Before we know that for certain, however, Dassin takes us through the rehearsals of the robbery and the heist itself with spellbinding detail, a kind of literate “how to” pull off a major jewel robbery that outraged authorities in many countries, including Mexico and Finland, where the film was banned. The Los Angeles Times declared the film to be a “master class in breaking and entering….” In the US, the ever-censorious Roman Catholic Legion of Decency spoke out against the movie. Yet it would be difficult for anyone to deny Dassin’s mastery of direction in the tensely silent episodes of the heist itself. Dassin quipped that the fact that he had not yet mastered French perhaps led to his use of so little spoken language; but any nitwit can see just how brilliant the decision was to cast the events of the break in within the sounds only of an intrusive piano, the high-pitched drills the robbers use to crack the safe, and the occasional grunts of their labor. So tense is that long scene at the center of the film that when, as they are about to escape the place, César returns momentarily to collect one last diamond bauble for his new girlfriend, we feel almost cheated in our impatience for their magical caper to a close.     For some critics, what comes after seemed almost a let-down, film-making that could not match what Dassin had already achieved. But, in fact, it is the last half of the film, as one by one the successful villains destroy and are destroyed by one another, that Dassin truly reveals his mastery. Despite their success as thieves, the gang of four, the evil-minded Grutter and his heroin-addicted brother are failures at living life itself, which the money they have reaped or desire from those acts symbolizes. For most of the men, that money might only offer a few more pleasures, but Jo wants it for his son, which elevates him, strangely, to a man who we might see above the fray of the pack with whom he travels. But as his wife proclaims—after Grutter and his gang kidnap the kid—holding him for ransom, “You’re not the only one that had an unhappy childhood, there are millions like you, and, in my eyes, ‘they’ are the tough ones, not you!”  Predictably, Jo gives in to the Grutter’s demands at the very moment when his son has been liberated. He is not a successful “rififi.”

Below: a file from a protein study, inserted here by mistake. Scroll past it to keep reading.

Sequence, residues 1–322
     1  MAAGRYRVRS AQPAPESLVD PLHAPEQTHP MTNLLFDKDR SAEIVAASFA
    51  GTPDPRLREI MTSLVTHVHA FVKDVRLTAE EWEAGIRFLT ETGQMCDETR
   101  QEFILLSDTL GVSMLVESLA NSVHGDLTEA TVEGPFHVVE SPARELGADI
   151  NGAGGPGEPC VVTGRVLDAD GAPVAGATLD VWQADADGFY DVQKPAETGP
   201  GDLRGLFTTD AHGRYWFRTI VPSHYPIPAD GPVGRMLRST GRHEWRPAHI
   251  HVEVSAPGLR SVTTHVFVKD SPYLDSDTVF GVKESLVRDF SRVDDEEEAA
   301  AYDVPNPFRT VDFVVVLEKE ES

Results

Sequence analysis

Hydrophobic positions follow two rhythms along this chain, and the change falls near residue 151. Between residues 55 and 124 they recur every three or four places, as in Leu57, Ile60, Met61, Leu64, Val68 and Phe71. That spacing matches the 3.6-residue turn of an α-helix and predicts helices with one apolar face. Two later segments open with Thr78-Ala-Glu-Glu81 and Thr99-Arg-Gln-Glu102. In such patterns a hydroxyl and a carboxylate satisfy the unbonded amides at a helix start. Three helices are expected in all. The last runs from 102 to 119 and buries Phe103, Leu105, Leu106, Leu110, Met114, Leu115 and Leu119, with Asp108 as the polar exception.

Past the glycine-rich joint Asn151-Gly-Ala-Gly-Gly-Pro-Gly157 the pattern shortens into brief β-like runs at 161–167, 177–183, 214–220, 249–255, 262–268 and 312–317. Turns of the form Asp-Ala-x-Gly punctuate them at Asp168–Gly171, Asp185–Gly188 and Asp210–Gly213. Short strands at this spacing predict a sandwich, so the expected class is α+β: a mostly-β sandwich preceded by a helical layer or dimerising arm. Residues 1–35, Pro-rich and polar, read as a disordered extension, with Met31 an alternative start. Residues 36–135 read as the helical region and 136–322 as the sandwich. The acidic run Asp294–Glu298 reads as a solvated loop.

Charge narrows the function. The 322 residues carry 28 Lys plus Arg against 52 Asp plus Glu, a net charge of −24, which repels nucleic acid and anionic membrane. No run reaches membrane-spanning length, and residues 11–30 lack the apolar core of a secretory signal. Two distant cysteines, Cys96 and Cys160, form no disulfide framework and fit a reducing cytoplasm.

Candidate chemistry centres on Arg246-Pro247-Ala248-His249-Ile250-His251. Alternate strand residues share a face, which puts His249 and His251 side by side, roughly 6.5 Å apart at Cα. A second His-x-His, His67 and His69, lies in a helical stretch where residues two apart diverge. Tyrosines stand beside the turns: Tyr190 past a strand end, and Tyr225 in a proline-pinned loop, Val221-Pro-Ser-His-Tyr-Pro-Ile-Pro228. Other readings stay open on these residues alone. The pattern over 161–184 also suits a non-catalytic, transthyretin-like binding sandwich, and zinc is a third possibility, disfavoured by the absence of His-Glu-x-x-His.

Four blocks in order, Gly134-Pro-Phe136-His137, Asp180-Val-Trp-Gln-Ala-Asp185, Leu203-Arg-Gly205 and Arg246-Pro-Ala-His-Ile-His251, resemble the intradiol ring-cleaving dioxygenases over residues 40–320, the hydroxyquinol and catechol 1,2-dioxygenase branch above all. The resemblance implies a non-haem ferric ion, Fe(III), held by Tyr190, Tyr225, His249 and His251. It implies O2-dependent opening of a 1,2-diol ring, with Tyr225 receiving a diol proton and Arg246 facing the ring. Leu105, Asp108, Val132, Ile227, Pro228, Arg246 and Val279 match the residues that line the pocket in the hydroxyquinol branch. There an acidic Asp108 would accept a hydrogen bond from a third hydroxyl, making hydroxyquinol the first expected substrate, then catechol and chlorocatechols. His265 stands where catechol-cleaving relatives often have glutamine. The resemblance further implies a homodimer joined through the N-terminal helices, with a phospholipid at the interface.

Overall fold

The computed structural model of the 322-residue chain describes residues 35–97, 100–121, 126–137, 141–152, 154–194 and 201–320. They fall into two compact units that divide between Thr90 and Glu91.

But neither are the others. Mario is killed, along with his wife, when she squeals about how to reach Tony. César, the original stool-pigeon, is strung-up to be shot by Tony for his failure to keep to “the code of silence.” And Tony himself, even though he now seems to be attempting an action on the good side of the law by trying to save Jo’s Tonio and destroy the unredeemable Grutters, is suddenly doomed.   He saves the boy, but cannot save himself, which Dassin portrays in a stunningly filmed long scene in which Tony attempts to drive the boy home through the Paris streets while dying from the plugs Grutter has put into his body. Conflating Tony’s hallucinatory vision of the Paris landscape with the exciting spinning motions experienced by the child trapped in his car, both figures appear to be floating across the city, having escaped all bonds of real time and space.  Yet we know that the child’s vision is of his imagination, somewhat like playing a wild version of cops-and-robbers, while Tony’s increasingly blurred view of the world is a lack of “real” vision which can only end in death. When the car comes crashing to a stop, Tonio is quickly scooped up into the protective arms of motherly love, while Tony and his suitcase full of cash receives only the cold curiosity and surveillance of the cops.

     In Dassin’s telling of the tale, one might almost be tempted to see the heist as art, and the gang member’s deaths as the undeserved consequences for having created it.

Los Angeles, August 10, 2014